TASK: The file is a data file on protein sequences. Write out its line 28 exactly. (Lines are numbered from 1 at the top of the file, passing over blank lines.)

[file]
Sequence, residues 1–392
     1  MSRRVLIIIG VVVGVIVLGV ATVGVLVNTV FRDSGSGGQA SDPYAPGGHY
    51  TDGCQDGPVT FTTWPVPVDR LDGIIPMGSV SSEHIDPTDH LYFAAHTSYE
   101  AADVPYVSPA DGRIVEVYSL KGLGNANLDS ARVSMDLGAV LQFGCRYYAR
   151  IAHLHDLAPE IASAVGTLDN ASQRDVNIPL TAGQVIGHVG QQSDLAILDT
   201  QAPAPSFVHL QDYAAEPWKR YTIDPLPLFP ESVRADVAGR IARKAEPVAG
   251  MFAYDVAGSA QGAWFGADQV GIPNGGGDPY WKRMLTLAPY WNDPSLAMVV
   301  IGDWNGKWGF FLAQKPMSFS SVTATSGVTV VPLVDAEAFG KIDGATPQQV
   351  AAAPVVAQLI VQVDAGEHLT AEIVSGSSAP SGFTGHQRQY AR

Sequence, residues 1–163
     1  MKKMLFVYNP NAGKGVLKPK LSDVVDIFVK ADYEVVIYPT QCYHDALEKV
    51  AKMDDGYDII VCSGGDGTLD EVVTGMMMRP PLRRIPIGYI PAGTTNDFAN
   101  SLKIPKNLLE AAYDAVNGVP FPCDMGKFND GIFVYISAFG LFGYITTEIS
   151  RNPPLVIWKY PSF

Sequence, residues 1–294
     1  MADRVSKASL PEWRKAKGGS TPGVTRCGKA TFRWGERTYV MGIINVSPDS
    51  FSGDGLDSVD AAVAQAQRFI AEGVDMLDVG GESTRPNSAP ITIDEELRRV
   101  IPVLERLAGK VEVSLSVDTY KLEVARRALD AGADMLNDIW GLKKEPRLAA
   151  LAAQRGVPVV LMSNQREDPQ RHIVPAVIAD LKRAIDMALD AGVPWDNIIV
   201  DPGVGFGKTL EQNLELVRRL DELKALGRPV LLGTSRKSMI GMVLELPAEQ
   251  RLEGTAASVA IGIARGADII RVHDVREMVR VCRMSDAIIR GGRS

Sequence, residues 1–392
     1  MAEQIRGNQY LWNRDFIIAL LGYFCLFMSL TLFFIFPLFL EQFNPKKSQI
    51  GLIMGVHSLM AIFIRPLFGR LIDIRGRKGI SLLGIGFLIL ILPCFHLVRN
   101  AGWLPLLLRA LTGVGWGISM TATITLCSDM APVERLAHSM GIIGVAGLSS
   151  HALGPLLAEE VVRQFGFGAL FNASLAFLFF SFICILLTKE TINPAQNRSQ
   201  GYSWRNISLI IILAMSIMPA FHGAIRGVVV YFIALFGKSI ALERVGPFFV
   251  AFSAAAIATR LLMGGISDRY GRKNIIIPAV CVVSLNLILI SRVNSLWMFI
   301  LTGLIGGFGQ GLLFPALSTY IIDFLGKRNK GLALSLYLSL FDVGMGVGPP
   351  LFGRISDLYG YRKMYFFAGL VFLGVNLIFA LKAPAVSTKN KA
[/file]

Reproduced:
   251  AFSAAAIATR LLMGGISDRY GRKNIIIPAV CVVSLNLILI SRVNSLWMFI